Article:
Aperture Anxiety

In an exhaustive review on ars.technica, serious concerns are raised about the RAW import/translation capabilities of the new monster app from Apple. While they rave about the UI and organization tools in Aperture, they point out that the output from the program includes far more noise than any professional would tolerate in the images. Basically, the program is getting hammered in reviews. Studio2f.com points to one commenter on Slashdot who said it like this:  ‘Photoshop is the darkroom. Aperture is the light table. If you don’t understand this, you’re not in the target market.’ While that sounds dead-on right, I’d have to say that crappy RAW handling is something that any pro-level workflow tool simply cannot have.

From the red channel framegrabs in the Ars review, I suspect that Aperture is using a JPEG as a transitional format for display purposes despite the fact that the source is a RAW file. iPhoto has always done this – claimed ‘RAW’ support but actually converted all the files to JPEG. Ars sums up the problem thusly:

Many of you probably are hearing the alarm bells and you should. The whole premise of this program, and the RAW format itself, relies on quality input for quality output. If the RAW converter in Aperture is no better than shooting in JPEG format, then it has little appeal over iPhoto as a professional’s tool. This isn’t something that can be fixed overnight either. Adobe’s Camera Raw and other programs like Capture One have been years in the making and unless Apple buys up some quality RAW technology and drops it into the 1.5 update, you’re not going to see Aperture rival the professional RAW apps any time soon.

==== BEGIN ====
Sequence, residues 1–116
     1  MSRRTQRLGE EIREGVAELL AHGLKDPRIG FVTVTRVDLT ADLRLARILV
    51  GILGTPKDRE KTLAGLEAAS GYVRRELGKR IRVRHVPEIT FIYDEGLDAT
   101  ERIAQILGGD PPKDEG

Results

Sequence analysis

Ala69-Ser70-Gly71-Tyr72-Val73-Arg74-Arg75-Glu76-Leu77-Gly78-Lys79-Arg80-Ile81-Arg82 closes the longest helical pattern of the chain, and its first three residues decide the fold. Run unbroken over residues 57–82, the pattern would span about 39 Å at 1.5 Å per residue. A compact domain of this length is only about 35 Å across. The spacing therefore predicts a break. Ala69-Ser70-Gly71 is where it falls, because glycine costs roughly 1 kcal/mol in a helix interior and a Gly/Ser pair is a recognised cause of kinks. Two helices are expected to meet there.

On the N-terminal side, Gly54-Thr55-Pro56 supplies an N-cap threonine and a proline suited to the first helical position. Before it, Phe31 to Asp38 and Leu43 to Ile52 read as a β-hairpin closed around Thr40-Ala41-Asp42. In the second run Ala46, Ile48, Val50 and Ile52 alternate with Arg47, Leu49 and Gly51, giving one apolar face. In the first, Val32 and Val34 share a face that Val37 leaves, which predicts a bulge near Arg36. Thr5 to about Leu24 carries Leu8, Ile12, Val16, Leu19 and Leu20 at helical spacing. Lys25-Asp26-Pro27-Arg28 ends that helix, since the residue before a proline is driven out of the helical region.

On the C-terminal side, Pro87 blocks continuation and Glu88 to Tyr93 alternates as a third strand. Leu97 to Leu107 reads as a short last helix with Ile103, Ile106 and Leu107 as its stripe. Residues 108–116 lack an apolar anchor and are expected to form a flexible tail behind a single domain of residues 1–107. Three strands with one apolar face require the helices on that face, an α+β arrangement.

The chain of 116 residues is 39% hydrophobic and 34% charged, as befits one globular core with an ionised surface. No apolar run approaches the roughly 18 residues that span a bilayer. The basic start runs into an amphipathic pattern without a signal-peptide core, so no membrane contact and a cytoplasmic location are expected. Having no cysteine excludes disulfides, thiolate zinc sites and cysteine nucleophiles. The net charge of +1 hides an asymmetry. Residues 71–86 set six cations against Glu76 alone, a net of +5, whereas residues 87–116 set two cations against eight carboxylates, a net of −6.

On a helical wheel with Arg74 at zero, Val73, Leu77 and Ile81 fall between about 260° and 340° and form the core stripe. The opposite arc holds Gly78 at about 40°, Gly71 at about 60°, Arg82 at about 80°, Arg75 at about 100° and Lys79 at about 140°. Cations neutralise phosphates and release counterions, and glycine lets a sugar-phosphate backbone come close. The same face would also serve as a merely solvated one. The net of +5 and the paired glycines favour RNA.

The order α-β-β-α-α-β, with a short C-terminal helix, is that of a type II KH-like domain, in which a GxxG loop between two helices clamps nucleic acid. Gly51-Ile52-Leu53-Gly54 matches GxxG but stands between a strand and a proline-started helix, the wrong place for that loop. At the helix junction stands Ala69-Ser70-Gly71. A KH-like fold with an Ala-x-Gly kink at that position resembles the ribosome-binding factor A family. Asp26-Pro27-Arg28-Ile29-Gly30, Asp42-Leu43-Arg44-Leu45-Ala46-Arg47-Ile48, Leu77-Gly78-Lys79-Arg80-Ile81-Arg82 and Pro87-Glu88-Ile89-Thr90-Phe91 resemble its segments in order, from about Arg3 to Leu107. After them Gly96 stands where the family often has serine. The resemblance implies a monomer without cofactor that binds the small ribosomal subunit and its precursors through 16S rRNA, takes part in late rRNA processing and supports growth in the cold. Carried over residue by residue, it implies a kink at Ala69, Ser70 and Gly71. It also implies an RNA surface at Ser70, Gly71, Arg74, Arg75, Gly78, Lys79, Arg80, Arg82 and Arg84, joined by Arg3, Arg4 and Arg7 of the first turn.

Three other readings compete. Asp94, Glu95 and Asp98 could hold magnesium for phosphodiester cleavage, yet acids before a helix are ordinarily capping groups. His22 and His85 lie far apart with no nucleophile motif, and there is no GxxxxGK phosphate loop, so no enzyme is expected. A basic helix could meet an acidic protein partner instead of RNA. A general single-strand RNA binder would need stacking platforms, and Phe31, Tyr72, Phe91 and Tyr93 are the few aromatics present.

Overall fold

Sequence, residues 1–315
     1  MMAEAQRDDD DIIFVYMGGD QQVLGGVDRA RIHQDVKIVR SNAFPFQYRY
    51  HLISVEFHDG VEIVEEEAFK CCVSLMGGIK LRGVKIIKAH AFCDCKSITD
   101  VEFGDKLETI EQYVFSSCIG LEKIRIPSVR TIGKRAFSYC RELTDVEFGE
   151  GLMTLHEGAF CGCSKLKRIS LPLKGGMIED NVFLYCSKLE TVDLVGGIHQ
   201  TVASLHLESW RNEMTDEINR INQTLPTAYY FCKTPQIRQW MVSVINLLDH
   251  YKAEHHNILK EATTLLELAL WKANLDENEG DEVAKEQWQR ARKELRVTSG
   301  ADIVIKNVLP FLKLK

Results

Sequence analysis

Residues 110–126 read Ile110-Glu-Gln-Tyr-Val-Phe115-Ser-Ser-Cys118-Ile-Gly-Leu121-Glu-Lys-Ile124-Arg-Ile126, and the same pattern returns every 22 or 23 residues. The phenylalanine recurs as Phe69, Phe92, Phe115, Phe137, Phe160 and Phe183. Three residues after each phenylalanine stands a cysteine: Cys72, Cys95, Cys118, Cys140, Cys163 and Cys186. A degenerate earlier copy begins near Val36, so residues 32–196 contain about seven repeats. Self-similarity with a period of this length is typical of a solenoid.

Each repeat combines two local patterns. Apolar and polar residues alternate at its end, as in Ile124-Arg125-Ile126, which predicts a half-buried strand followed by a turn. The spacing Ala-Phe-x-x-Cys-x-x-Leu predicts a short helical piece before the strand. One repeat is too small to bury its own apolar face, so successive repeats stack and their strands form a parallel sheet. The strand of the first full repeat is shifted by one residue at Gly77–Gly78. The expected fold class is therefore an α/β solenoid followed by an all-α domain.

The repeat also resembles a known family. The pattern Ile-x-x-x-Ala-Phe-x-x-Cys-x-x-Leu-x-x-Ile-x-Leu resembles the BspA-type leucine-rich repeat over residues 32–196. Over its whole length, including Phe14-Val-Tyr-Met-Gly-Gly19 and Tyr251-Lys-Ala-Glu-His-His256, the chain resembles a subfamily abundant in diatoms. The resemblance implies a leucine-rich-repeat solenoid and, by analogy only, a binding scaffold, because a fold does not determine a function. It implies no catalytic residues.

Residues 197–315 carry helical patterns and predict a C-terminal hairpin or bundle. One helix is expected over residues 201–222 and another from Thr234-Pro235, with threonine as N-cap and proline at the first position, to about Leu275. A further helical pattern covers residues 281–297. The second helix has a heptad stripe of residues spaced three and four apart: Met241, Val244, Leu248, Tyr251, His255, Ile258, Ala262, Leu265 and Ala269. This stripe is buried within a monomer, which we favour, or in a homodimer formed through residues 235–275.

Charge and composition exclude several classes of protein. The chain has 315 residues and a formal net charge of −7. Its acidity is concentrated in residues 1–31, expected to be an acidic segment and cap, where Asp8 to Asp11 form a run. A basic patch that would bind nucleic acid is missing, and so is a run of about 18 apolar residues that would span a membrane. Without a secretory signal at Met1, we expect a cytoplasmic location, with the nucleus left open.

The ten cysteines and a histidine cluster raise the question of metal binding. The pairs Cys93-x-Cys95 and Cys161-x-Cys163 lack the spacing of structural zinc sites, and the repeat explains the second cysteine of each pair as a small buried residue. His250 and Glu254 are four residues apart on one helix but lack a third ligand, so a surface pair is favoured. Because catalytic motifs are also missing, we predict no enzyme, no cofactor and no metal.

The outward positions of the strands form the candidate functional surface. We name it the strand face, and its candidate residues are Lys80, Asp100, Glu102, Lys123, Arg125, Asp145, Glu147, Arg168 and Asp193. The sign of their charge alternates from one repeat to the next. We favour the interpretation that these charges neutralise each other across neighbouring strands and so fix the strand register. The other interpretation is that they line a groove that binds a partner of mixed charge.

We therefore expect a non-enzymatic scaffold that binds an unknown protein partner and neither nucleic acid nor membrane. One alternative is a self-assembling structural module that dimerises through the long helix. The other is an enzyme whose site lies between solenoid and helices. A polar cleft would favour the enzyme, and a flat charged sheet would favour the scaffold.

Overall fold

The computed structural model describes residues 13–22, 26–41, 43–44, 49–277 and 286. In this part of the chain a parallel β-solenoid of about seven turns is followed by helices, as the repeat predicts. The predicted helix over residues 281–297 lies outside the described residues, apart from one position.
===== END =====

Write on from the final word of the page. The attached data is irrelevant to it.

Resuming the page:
The problems continue for basic features like Unsharp Mask combining with this type of post-import noise to produce lots more artifacts for basic editing tasks. Also missing are a true ‘curves’ tool – only a 4-step levels tool exists. And a pixel sampler is also absent, something most pros want to see in their basic workflow. To me, this app would need to provide the basic tools I need to import, ouptut galleries, prints, etc plus organize, do basic color and exposure correction, plus minimal unsharp mask tools. If, however, the RAW issue is pervasive and real, Apple may have jumped the gun on releasing this latest application. To sum it up, Ars closes as follows:

I’d like to get excited about things like instant books and the light table, but if the base technology in Aperture is flawed, it can’t be the high-end imaging hub it wants to be.

Ouch! Even with all these problems, if Aperture helps deal more fluidly with the  22k+ images in my iPhoto library, it will be a godsend.

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